Block on Trump's Asylum Ban Upheld by Supreme Court
When James McKinney was sentenced to death for two murders, evidence of his turbulent childhood and post-traumatic stress disorder wasn't considered a mitigating factor. For over 15 years, Arizona courts relied on a "causal nexus" test for mitigating factors, which forbids consideration of family background and mental illness as mitigating factors.
Arizona's causal nexus test for mitigating factors is unconstitutional, a divided Ninth Circuit, sitting en banc, ruled on Tuesday. The decision not only puts McKinney's death sentence into question, it could jeopardize many Arizona capital sentences issued between 1989 and 2005.
Arizona's Causal Nexus Test
The central issue of the case, McKinney v. Ryan, was what sort of mitigating evidence a defendant is allowed to present before being sentenced to death. In 1982, the Supreme Court ruled in Eddings v. Oklahoma that, under the Eighth and Fourteenth Amendments, sentencers in capital cases cannot "refuse to consider, as a matter of law, any relevant mitigating evidence."
Prior to McKinney's sentencing, evidence about his abusive family and PTSD was excluded. The Arizona Supreme Court upheld McKinney's sentence in 1996. At the time, Arizona law required five mitigating factors to be considered in capital sentencing.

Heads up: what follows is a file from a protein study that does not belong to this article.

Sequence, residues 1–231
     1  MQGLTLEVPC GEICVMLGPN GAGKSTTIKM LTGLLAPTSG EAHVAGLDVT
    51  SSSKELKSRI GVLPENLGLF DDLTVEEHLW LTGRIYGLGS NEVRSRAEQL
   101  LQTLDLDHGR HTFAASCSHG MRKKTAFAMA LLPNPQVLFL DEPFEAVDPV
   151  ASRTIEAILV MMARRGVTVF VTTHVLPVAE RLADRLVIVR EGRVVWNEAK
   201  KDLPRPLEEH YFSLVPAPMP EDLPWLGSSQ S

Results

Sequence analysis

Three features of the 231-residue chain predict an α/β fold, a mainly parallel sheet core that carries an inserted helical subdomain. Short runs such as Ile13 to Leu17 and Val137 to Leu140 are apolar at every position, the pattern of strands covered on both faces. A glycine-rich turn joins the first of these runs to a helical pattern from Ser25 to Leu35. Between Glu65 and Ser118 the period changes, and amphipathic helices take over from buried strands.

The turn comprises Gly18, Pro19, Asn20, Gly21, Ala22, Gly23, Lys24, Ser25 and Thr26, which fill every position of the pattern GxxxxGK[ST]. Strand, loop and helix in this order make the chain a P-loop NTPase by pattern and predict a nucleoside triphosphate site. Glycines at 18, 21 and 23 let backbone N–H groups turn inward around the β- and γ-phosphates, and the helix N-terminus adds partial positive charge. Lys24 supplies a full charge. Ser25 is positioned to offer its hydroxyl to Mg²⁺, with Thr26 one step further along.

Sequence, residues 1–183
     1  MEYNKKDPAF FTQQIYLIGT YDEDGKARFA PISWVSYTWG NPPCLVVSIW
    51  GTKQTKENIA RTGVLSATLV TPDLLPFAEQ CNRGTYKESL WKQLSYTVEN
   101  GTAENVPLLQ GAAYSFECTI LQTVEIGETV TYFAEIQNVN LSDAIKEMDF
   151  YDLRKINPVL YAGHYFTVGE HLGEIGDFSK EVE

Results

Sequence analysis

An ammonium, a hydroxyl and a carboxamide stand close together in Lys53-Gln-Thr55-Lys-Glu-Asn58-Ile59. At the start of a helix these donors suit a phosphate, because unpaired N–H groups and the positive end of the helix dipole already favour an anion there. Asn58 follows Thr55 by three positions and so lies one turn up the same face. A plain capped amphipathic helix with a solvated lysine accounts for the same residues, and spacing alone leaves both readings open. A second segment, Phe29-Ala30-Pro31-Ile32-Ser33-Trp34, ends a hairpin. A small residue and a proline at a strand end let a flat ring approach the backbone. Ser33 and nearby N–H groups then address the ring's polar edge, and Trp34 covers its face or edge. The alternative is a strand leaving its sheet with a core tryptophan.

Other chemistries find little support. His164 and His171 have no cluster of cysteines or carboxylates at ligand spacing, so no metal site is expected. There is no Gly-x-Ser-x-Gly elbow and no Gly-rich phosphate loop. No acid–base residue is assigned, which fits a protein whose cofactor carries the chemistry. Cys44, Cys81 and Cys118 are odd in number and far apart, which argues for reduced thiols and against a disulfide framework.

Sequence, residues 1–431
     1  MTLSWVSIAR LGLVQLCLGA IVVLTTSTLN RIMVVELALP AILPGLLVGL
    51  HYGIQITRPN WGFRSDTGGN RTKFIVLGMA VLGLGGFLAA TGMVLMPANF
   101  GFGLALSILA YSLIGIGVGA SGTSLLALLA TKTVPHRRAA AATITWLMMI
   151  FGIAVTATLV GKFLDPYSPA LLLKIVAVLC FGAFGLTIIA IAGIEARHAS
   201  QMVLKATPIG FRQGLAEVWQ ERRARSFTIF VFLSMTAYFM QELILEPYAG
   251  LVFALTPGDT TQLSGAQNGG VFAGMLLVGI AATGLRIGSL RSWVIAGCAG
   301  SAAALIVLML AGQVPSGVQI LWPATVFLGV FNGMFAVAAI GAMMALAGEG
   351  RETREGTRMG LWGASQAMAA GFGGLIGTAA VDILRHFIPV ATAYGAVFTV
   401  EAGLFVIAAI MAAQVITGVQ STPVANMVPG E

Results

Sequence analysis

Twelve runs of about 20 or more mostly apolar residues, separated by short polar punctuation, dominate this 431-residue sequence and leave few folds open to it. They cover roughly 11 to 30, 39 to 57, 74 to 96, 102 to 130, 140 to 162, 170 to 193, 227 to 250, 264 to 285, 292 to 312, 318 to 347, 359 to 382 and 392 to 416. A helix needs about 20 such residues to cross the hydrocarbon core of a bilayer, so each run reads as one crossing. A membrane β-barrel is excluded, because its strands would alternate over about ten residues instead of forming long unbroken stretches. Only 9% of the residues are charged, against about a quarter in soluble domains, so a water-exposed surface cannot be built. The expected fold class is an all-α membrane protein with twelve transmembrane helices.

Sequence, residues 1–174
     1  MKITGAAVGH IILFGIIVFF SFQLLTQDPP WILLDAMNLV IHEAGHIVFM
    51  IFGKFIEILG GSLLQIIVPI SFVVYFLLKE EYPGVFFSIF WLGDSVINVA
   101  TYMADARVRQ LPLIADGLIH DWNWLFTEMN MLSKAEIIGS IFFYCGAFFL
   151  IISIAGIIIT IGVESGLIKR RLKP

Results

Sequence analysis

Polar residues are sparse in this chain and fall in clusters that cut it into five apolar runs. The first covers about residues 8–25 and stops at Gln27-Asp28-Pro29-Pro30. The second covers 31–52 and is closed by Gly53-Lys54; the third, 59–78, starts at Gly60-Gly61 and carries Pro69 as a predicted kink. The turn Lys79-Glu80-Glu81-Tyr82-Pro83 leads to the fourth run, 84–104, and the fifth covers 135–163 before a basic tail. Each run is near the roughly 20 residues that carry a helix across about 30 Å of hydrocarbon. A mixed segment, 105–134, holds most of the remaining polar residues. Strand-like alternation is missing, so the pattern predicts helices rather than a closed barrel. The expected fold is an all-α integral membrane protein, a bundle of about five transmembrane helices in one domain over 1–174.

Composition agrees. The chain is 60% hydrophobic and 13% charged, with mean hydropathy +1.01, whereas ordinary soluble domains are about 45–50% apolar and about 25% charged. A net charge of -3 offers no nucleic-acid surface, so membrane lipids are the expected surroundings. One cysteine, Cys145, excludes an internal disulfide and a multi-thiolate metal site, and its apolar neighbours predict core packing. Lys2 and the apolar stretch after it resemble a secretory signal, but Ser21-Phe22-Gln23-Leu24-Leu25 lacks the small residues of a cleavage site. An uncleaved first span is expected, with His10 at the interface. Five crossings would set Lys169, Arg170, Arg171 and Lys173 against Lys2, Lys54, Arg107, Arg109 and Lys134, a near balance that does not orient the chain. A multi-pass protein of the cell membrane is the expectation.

Non-statutory factors, such as family and mental condition, were admitted if they passed a causal nexus test. In 1989, the Arizona Supreme Court found that a difficult family background, on its own, failed that test. Instead, a defendant must show that "something in that background had an effect or impact on his behavior that was beyond the defendant's control." In 1996, the state supreme court relied on the same logic to exclude consideration of McKinney's PTSD as a mitigating factor.
That test was "in clear violation of Eddings," the Ninth Circuit ruled on Tuesday, in an opinion authored by Judge William A. Fletcher. Under Eddings, sentencers must consider ANY aspect of a defendant's character or circumstances proffered, though they need not give such mitigating factors any particular weight. Arizona, instead, had a flat prohibition on many mitigating factors, violating Eddings. That was enough to overcome the Antiterrorism and Effective Death Penalty Act's deferential requirement that federal courts only overturn state rulings which are "objectively unreasonable."
Judge Carlos Bae, joined by four other Ninth Circuit judges, dissented. The majority's ruling, according to the dissent, "calls into question every single death sentence imposed in Arizona between 1898 and 2005 and our cases which have denied habeas relief as to those sentences."